NZ professionals bullish about 2016 remuneration prospects

Almost 60% of respondents received salary increases in 2015, and 31% bagged bonuses, survey finds - with special audio feature.

Click the NBR Radio box for on-demand special feature audio: James Dalrymple on NZ professionals’ pay and bonus expectations

Business confidence and a relatively buoyant economy translated into more New Zealand professionals receiving salary increases and bonuses in 2015 than in recent years, with the expectation of more of the same next year.

That’s one of the key findings of Robert Walters’ annual survey of NZ professionals’ pay and bonus expectations, which is released today. [See Raw Data below]

The survey involved 500 respondents – largely from Auckland and Wellington – from the accounting, banking, financial services, human resources, information technology, procurement, supply chain, sales, marketing, and secretarial and business support professions.

Of those surveyed, 59% received a salary increase in 2015, and 31% received a bonus payment on top of their base salary, according to James Dalrymple, a partner in the recruitment firm.

And, he tells NBR Radio, 75% of those surveyed in Auckland expect salary increases next year, as opposed to 65% in Wellington. More Auckland-based professionals (49%) also expect bonuses in 2016 versus just 23% of those in Wellington – a differential that’s largely down to the fact the Wellington market is driven by SOEs, Mr Dalrymple says.

The anticipated salary increases are modest, however: “35% of respondents were expecting increases of 1-3% and only 7.5% expecting an increase over 7.5%.”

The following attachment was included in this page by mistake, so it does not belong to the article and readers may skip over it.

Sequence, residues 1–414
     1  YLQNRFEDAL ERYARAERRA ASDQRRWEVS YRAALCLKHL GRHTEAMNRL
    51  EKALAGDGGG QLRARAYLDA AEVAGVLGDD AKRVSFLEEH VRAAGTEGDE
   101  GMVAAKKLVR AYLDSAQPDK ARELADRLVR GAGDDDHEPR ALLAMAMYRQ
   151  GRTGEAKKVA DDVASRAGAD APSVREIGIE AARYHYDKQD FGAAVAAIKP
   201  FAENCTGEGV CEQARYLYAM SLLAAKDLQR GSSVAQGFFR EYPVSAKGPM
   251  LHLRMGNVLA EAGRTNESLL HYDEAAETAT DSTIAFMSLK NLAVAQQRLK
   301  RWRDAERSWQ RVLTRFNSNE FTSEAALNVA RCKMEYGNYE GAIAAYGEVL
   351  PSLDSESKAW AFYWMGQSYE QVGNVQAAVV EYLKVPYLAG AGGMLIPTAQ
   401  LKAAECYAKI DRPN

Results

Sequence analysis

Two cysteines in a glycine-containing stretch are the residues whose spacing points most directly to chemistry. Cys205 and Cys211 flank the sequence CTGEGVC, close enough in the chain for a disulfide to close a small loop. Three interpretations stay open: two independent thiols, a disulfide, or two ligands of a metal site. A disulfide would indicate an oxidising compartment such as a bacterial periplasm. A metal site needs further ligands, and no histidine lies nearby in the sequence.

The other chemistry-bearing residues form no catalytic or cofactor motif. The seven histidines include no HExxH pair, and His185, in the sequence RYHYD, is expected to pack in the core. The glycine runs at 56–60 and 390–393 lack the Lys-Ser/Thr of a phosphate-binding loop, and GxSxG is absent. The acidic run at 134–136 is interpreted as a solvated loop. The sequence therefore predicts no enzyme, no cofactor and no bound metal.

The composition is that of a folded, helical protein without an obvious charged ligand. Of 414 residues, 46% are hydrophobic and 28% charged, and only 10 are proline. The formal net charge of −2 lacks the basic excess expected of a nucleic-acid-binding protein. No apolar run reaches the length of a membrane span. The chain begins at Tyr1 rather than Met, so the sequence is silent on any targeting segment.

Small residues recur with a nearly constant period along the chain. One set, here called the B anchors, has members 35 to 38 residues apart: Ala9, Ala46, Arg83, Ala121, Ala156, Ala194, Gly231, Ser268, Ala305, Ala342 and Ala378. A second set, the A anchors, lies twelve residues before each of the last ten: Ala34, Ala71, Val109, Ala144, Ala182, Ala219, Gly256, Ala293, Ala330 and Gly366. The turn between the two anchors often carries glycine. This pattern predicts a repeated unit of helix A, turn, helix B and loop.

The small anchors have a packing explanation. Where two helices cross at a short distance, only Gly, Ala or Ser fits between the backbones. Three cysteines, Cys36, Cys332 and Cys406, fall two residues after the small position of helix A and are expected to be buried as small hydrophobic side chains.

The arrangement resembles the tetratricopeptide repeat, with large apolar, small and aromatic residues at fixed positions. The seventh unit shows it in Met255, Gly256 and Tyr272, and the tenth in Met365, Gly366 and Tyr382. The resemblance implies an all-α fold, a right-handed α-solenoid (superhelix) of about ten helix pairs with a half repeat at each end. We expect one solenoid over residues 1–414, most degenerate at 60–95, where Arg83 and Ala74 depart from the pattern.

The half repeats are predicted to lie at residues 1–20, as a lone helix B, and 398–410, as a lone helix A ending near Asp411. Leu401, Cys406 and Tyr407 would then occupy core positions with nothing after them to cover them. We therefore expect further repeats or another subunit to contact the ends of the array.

That’s offset by an increased focus on the part of both employers and employees on the total remuneration package.

“We’re certainly seeing a lot of businesses that aren’t in a position to offer significant salary increases so they’re being more creative about how they package up benefits,” he says.

For employees, “what’s also becoming more important is work/life balance, flexibility, those sorts of things ... people are looking at the total package quite holistically.”

Money isn’t the key driver for changing jobs, either. Instead, career progression is most important (36%), followed by a pay rise/change in salary package (30.5%), improved work/life balance (20.5%) and improved stability/job security (13%).

Managing expectations is key
Mr Dalrymple also warns that, although employees increasingly like the idea of some financial rewards being tied to their performance in the form of bonuses – and they’re being offered to more employees than just middle and senior managers – if these aren’t managed well they can have negative consequences.

“Often we find candidates will come to us after they’ve been paid their bonus and they’re disgruntled because it’s less than they thought it would be, they didn’t get a salary increase and there’s been no communication throughout the year about why that might be – and it was poorly communicated when it was delivered.”

Instead of the once traditional annual performance review – or even quarterly sit-downs – Mr Dalrymple advises companies manage bonus expectations, and employees in general, by adopting a model of “constant open dialogue in a less formal manner and ensuring it’s an open, honest, transparent relationship.”

RAW DATA:

Salary and bonus expectations survey overview

Accounting survey results

HR survey results

IT survey results

Sales and marketing results

Secretarial and business support results

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